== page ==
Many of our western medications have actually come from active ingredients found in herbs. Studies have indicated that there may be one major reason keeping Chinese Herbal Formulations from greater popularity in the West: larger concentrations of herbs are needed to produce the same effects that a pharmaceutical may offer. A person using Chinese Herbal Therapy must take more tablets or drink more tea than is our custom in the West. Additionally, the instant gratification of symptom relief that comes from taking a small pill daily is different than the slow and steady rise to vitality that is most often seen in TCM. However, Chinese Herbals usually work without producing all of the side effects of prescription drugs, making TCM the preferred way of staying well.

Herbs are Food

It is important for us to remember that herbs are food and can be taken with nutritional supplements and medications quite safely under proper supervision.There are various ways of incorporating food/herbs into a treatment protocol. Raw herb teas or decoctions which are brewed daily, is the traditional method of ingestion, however, many people find the smell of these herbs cooking to be bad and the taste worse. Compliance is all important, so if a person will not drink a certain tea, concentrated tea tablets can be used. All professional formulas are made with hospital grade material that has been tested against heavy metals, pesticides and contaminants of all kinds.

The Preparation of an Herbal Formula

Chinese herbal formulations usually contain four groups of herbs that when combined, are the most effective for treating the disharmony.

The structure of the formula contains the Emperor, which is the main ingredient producing the healing action. Then there are Deputy Herbs that will help the Emperor herbs do their job more effectively. The next group of herbs, called the Assistants, are mixed in to counter potential side effects of any of the herbs in that particular formula. The last component is called the Harmonizer, which is usually Licorice or Red Date, and this allows the herbs to get to the organ it was intended for.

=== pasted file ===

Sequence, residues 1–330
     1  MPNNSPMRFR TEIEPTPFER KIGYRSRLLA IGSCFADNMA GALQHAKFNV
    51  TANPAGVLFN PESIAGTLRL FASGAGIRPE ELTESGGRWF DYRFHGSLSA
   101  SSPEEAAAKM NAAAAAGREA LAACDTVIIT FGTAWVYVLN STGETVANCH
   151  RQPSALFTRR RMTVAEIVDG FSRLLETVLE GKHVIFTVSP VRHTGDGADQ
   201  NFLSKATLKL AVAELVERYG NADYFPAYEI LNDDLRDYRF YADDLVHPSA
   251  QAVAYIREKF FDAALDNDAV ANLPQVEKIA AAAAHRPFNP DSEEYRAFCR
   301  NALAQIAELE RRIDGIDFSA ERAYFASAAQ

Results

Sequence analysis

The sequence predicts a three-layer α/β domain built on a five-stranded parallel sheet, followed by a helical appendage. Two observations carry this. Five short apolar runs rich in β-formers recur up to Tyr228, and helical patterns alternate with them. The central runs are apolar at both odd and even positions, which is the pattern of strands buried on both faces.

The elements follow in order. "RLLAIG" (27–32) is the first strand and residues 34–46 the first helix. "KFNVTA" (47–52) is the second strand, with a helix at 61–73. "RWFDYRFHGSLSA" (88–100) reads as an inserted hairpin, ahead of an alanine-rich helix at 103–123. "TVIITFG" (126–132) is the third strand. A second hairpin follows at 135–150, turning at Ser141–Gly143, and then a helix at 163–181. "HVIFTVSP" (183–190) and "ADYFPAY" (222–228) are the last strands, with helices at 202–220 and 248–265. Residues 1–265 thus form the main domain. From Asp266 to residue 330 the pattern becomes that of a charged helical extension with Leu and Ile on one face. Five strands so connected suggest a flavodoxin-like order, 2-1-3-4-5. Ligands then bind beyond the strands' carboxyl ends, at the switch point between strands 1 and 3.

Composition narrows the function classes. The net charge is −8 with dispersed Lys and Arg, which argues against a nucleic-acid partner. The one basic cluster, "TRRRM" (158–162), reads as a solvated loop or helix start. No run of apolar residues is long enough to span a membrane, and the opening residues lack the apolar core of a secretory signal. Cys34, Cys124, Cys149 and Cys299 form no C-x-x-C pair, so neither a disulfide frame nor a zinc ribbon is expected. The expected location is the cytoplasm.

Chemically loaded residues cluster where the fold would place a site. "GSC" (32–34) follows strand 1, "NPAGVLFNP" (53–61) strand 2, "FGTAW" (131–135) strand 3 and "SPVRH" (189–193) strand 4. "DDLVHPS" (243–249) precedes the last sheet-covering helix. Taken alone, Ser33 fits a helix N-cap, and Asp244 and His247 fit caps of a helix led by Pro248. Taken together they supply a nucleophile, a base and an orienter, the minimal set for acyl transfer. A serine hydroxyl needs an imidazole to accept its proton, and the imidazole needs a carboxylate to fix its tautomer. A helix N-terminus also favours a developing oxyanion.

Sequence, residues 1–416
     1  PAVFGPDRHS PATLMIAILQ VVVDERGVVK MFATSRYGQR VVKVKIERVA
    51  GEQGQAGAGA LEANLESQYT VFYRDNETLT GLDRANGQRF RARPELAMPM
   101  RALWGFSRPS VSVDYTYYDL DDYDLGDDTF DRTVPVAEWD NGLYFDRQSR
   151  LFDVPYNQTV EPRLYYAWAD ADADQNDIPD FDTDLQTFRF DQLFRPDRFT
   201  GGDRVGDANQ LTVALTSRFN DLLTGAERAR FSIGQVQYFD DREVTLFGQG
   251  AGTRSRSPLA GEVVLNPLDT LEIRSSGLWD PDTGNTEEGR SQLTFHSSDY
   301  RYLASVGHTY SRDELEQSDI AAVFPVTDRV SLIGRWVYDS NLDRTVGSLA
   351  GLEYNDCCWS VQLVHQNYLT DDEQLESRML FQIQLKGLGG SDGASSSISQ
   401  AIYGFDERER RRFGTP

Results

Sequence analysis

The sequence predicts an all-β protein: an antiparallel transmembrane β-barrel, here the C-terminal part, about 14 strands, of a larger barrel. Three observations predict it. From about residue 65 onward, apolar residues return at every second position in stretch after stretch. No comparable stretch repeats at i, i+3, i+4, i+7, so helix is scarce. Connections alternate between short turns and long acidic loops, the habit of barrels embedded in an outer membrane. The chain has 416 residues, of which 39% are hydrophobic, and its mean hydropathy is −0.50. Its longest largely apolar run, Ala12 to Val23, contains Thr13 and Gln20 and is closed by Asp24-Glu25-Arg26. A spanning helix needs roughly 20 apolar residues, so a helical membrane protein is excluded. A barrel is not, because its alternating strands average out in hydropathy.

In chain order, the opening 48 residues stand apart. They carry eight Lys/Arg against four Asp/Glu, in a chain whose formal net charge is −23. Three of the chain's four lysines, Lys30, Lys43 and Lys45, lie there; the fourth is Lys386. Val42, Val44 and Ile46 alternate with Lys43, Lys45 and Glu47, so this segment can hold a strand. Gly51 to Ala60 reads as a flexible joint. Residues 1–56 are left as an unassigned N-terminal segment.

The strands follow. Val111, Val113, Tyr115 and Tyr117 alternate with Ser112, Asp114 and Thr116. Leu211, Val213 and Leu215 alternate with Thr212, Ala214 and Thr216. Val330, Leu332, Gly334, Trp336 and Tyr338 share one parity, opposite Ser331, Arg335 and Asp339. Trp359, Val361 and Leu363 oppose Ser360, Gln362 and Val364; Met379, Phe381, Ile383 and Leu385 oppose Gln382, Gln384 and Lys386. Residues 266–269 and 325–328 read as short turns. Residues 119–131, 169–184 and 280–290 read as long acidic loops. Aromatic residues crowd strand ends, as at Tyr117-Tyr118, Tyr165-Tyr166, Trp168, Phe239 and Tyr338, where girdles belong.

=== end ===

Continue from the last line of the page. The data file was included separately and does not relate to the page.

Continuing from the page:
Due to the number of herbs in a properly formulated Tea, one can expect far less side-effects than with a Western Medication. Also, formulas can be modified based on the individual’s need and body makeup. It is in this way that no one person will be seen or treated in exactly the same manner as another.

As the body begins its process of healing, one may feel some reaction to taking an herbal formula, like feeling warmer or cooler or have some slight digestive issues, but modifications to an herbal prescription can often help with these issues and sometimes they simply resolve on their own as the body becomes accustomed to a particular formula.

Always be sure to tell your TCM practitioner about any other medications or supplements you may be currently taking and do not attempt to diagnose or treat yourself with TCM. Seek the advice of a trained, licensed TCM professional.

Laura Mignosa, NCCH, is a Nationally Certified Chinese Herbologist, director of the Ct Institute for Herbal Studies since 1992 and is both Western and China trained. She travels yearly to Beijing hospitals and allows others to view the culture from a holistic perspective. She uses only safe hospital-grade herbs which are certified against contaminates, pesticides or heavy metals. Laura is also a local & national lecturer, designs Chinese Herbal formulas for Pets and works as a consultant on Chinese Herbal Formulas. Her private practice is maintained at the CT Institute for Herbal Studies, 900 Wells Road (Route 175), Wethersfield, CT 06109, and at Grant Chiropractic Health Center in Milldale, CT. (860) 666-5064, laurachina@aol.com